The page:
Corporate real estate occupiers must do more to embrace flexible working and identify the sources of competitive advantage offered by their workplaces, according to the newly published Corporate Real Estate (CRE) 2017 trends report from JLL. The study highlights the key issues affecting corporate property needs and requirements this year, and offers occupiers some advice on how to deal with them, including how real estate strategy affects organisational perfomance. As well as flexible working and real estate strategy, the report also considers the consequences of automation, which it suggests will have a significant impact on the way workplaces are designed, occupied and managed within just a few years,
March 9, 2017
Google has revealed the latest designs for its new Mountain View office campus, designed by Bjarke Ingels Group and Heatherwick Studio, the partnership that is also collaborating on Google’s new London offices. This is the third iteration of the designs which will now be presented at a public hearing pending approval by Mountain View City Council. The designs of the purpose built office complex and campus maintain the tent like structures from previous ideas as well as a heavily landscaped environment. The public spaces, pavilions, cafes, research labs, event spaces will be at ground level with offices on a mezzanine level. The new design for the roof incorporates curved metal shapes in grey which will discourage birds from flying into the structure.
March 8, 2017
This is the second of two responses to an excellent article by Antony Slumbers, the first being this perspective from my mirrored room, in this instance offering that his views offer a far too presumptive picture of how technology will shape our work future. The paragraph headlines are from Antony’s original article. One person’s optimism is another’s pessimism. A decade ago the dream of liberated commute-free teleworking was, to many, the nightmare of enforced seclusion to the soundtrack of the dishwasher. The deployment of robots for the performance of menial tasks creating time and wealth for leisure is another’s horror at the loss of employment and resultant anomic fragmentation and decay. The fatally pointless optimism of Candide’s Dr Pangloss was agnostic in regard to every such outcome. It was positive only because there could be no alternative, and therefore no better alternative.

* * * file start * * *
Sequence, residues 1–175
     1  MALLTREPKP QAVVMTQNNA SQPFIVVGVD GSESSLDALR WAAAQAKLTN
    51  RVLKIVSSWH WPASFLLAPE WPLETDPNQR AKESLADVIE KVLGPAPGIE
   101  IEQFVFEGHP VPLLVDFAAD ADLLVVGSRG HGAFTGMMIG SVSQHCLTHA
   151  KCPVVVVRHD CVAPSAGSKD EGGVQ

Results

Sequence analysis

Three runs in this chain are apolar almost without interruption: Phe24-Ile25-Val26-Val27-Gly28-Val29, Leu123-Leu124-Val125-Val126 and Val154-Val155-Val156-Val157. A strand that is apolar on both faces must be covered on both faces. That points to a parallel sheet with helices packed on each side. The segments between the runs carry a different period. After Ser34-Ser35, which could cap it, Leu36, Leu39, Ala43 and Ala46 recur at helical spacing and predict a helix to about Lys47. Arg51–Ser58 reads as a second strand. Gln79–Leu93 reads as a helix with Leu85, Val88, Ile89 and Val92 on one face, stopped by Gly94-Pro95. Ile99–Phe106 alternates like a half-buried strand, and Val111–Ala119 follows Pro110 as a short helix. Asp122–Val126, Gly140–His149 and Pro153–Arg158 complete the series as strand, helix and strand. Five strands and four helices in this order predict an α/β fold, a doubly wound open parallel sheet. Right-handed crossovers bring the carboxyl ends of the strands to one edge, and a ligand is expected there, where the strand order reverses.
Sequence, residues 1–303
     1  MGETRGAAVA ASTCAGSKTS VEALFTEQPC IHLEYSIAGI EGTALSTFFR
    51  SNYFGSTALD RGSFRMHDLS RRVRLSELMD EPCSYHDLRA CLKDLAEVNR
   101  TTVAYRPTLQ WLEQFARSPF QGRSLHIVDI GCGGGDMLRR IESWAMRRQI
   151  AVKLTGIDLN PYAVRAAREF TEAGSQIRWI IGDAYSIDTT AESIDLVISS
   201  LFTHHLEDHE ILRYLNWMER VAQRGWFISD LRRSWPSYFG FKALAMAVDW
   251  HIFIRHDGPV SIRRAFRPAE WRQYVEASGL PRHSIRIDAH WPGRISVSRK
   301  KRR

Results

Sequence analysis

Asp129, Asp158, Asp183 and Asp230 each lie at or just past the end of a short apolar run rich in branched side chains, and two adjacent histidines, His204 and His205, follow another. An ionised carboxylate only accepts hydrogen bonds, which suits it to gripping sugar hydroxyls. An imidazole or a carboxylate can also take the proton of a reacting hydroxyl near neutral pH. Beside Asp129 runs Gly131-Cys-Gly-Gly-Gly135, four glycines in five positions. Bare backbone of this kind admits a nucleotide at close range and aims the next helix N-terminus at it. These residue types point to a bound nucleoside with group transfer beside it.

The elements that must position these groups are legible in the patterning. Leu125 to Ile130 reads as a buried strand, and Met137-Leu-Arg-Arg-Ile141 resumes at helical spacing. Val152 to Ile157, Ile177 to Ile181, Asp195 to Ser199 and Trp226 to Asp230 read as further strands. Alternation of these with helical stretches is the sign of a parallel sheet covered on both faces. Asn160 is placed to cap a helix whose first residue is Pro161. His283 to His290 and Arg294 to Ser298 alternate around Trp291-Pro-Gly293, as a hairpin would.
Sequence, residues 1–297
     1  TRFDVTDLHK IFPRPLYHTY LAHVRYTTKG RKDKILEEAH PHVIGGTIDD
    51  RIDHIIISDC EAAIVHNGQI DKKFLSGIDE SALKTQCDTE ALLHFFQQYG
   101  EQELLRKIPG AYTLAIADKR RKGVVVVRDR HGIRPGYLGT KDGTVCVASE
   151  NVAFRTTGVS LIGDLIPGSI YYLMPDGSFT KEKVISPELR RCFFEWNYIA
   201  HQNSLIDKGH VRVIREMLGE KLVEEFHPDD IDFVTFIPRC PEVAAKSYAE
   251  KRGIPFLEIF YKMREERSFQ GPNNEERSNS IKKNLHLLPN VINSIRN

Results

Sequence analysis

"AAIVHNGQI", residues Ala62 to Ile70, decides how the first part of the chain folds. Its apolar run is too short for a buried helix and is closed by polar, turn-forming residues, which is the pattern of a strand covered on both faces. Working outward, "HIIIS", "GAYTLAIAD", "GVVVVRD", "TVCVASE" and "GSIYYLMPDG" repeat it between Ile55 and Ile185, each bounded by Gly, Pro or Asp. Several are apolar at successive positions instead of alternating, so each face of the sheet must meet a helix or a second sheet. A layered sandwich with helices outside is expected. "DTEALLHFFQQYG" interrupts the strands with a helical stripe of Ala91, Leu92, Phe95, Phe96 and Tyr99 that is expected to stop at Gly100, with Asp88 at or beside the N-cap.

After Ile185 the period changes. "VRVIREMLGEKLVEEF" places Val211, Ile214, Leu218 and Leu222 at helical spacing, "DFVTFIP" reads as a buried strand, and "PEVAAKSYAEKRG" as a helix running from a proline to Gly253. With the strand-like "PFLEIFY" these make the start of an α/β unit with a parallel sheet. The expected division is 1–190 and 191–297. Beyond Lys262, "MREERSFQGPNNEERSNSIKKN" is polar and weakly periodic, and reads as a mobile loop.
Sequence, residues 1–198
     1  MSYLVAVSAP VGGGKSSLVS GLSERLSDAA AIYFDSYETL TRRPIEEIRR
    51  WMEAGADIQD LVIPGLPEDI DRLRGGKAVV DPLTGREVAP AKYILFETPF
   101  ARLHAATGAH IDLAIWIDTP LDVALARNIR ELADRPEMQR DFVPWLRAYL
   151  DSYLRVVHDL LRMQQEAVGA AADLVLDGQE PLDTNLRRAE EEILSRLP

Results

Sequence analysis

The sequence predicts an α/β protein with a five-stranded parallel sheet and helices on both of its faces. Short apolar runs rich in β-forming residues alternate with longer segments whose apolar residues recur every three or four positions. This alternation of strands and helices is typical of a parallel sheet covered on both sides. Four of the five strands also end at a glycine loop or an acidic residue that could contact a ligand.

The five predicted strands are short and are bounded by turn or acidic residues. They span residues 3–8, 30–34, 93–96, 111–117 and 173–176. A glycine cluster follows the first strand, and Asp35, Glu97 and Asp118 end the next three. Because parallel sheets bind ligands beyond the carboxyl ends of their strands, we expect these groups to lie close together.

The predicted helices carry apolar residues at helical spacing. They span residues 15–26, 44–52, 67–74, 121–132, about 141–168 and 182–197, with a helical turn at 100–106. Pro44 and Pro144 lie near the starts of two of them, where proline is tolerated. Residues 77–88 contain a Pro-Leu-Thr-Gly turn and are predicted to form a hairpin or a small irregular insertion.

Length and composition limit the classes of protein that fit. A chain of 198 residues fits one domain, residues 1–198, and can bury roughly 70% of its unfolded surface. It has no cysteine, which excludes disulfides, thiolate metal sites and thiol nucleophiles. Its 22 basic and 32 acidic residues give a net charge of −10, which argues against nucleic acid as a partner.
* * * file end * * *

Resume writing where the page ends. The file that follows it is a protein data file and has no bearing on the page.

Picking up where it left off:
March 7, 2017
A survey of more than 423,000 NHS staff has shown their experience of the workplace is improving, despite the huge financial pressures and public demand on healthcare in the UK. Responding anonymously to the annual NHS Staff Survey, staff reported small but measurable improvements in 26 of the 32 key workplace categories, including having confidence to raise concerns about clinical practice, feeling supported by managers and recommending their workplace for employment or receiving care. The report is published by the national NHS Staff Survey Co-ordination Centre on behalf of NHS England and was carried out in October and November 2016.
March 3, 2017
Demand for construction workers in London looks set to grow due to the completion of Crossrail and the extension of the Northern Line alongside other infrastructure projects. But a new analysis reveals the Capital is struggling to attract and train the workforce needed; with London and the South East having a shortfall of 60,000 people in the construction industry. This is according to a first of its kind analysis of the role of migration on London’s economy by London First and PwC. ‘Facing Facts: the impact of migrants on London, its workforce and economy’ argues that London’s growing workforce is significantly contributing to economic growth and helping to create more jobs in the capital. The report, which draws on a comprehensive range of information, including detailed ONS Labour Force Survey data shows how London’s total workforce has grown from 4.3 million people in 2005 to just under 5.2 million, made up of people from around the UK, the EU and the rest of the world.